Using an objective, statistical approach to evaluate >30,000 different testing algorithms that included the LAg-Avidity assay, we identified an optimized 2-assay MAA and an optimized 4-assay MAA. Both of these MAAs include the LAg-Avidity assay and the BioRad-Avidity assay; the 4-assay MAA also includes CD4 cell count and viral load. Both of the optimized MAAs classified all 845 samples from individuals infected >5 years as MAA negative. Furthermore, both of the optimized MAAs provided cross-sectional incidence estimates that were similar to those obtained by longitudinal follow-up for three cohorts in the US with varying HIV incidence. The 4-assay MAA was the top-performing MAA among >30,000 MAAs that did not include the BED-CEIA; this MAA provided incidence estimates that were nearly identical to those obtained by cohort follow-up. Of note, the performance of the optimized 4-assay MAA described in this report was very similar to that of an optimized 4-assay MAA which was the best MAA in the expanded search of >500,000 algorithms; that MAA included the BED-CEIA rather than the LAg-Avidity assay (described previously [14], [16]). These two MAAs use the same cutoffs for the BioRad-Avidity assay, CD4 cell count, and viral load.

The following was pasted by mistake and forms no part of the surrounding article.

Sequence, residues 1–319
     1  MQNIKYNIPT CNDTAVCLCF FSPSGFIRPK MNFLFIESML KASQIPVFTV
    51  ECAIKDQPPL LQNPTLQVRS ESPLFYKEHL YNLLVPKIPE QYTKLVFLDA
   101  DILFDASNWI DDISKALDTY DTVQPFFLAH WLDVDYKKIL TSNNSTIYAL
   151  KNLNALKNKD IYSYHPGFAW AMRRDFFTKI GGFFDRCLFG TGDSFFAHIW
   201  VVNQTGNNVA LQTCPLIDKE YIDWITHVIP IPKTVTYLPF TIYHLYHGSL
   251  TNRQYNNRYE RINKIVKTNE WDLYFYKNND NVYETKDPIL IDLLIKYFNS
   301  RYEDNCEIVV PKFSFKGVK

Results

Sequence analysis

Acceptable incidence estimates were also obtained using a 3-assay MAA that included the LAg-Avidity assay, CD4 cell count, and viral load. The cutoffs used for the LAg-Avidity assay (1.5 OD-n) and CD4 cell count (200 cells/mm3) in this MAA are recommended by the manufacturer [24], the cutoff used for viral load (1,000 copies/mL) was used by the developers of the LAg-Avidity assay in a previous study (in conjunction with self-reported use of antiretroviral therapy (ART) [36]. We did not include self-report of ART in our algorithms; recent reports indicate that self-report of ART use is often unreliable [38][40]. This 3-assay MAA did not classify any of samples from individuals infected >5 years as MAA positive and had a shadow <1 year. However, our analysis indicated that this MAA had a mean window period of only 85 days, which is shorter than the mean window period of 130 days (95% CI: 118–142) provided in the current package insert [24] and is shorter than the mean window periods of the optimized 2-assay and 4-assay MAAs (119 and 146 days, respectively). The implication of the lower mean window period is that a cross sectional survey to measure incidence would have to be larger using the 3-assay MAA than one using either the optimized 2-assay or the optimized 4-assay MAA. Furthermore, the adjusted relative cost for sample testing using this 3-assay MAA was greater than the cost for sample testing using the optimized 4-assay MAA, which makes it difficult to justify its use.